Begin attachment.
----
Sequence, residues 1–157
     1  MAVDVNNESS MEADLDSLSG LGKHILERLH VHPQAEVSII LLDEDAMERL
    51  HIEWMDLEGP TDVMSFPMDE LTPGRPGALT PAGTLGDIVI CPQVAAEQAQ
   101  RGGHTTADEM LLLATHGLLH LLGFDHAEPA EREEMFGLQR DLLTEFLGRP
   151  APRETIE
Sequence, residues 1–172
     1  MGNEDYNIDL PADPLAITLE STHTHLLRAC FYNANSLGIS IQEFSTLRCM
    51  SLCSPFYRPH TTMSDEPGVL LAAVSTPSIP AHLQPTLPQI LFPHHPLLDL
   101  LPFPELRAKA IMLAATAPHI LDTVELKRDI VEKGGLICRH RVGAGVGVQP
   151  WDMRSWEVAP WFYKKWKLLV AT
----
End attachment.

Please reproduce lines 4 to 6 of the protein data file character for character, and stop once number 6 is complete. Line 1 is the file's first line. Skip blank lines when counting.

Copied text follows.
   101  RGGHTTADEM LLLATHGLLH LLGFDHAEPA EREEMFGLQR DLLTEFLGRP
   151  APRETIE
Sequence, residues 1–172